|Institution:||University of Washington|
|Keywords:||DDA1; DDB1; NPR4; salicylic acid; systemic acquired resistance; ubiquitin; Biochemistry; Biophysics; Molecular biology; Pharmacology|
|Full text PDF:||http://hdl.handle.net/1773/40957|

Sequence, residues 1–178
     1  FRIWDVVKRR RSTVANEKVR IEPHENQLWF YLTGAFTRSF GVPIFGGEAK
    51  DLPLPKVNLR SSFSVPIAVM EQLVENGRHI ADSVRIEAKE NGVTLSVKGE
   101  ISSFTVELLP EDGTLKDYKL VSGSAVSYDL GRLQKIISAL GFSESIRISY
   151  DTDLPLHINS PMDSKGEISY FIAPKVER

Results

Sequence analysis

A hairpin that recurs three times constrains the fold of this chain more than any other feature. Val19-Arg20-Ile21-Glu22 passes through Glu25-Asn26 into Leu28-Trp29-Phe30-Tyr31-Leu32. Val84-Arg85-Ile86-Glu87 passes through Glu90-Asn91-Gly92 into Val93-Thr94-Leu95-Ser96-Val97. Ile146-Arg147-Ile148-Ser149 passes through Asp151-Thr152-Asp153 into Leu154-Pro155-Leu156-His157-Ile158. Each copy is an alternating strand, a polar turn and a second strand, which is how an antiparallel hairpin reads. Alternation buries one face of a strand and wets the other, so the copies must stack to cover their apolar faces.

Ubiquitination is a mechanism used by eukaryotes to precisely alter the level, functionality, and location of specific target proteins through the post-translational attachment of one or more ubiquitin tags. This attachment proceeds through a three-step enzymatic process involving ubiquitin activating proteins, conjugating proteins, and ligases. Of these three steps, the final ubiquitin ligation reaction to the target substrate shows the most variability due to the vast number of different substrates targeted by the cell. These ligase complexes are broadly divided into three families, with the Cullin-RING ligases (CRLs) comprising the largest physical structures. CRLs can be further subdivided into different complexes based on the specific Cullin backbone (1-5, 7) used to bridge the complex. Among the many roles these complexes play, CRL3 has been implicated in the oxidative stress response in animals (Nguyen et al., 2004) as well as hormone signaling perception in plants (Lechner et al., 2011). CRL4 has been shown to be involved in a variety of cellular processes such as DNA damage repair and cell cycle regulation (Jackson and Xiong, 2009; Scrima et al., 2011). CRLs perform these functions by employing a modular architecture whereby individual substrate receptors are recruited to the complex to provide specificity for an array of possible targets. The large variety of target substrates these complexes ubiquitinate presents the technical challenge of identifying them in the context of their individual pathways. It also points to the need for a cell to be able to precisely regulate these processes. Here we solve the crystal structure of DDB1, an adaptor component of CRL4, in complex with an N-terminal minimal binding fragment of DDA1. DDA1 has previously been shown to regulate CRL4 activity (Pick et al., 2007; Gao et al., 2017). We hypothesize this regulation is due to conformational control of the flexible BPB domain of DDB1, which normally confers a large degree of freedom to the alignment of the bound substrate with the incoming ubiquitin tag. We also show that CRL3 is involved in perception of the plant hormone salicylic acid (SA) via the hormone receptor NPR4, which binds to radiolabeled SA over a size-exclusion chromatography column. Finally, we show that NPR4 can be crystallized. We have generated a variety of monoclonal antibodies that bind to NPR4 to improve crystal packing and diffraction resolution. Taken together, these studies highlight the important role that CRLs play in eukaryotic biology as well as the importance of efficient regulatory regimes to fine-tune their activity.Advisors/Committee Members: Zheng, Ning (advisor).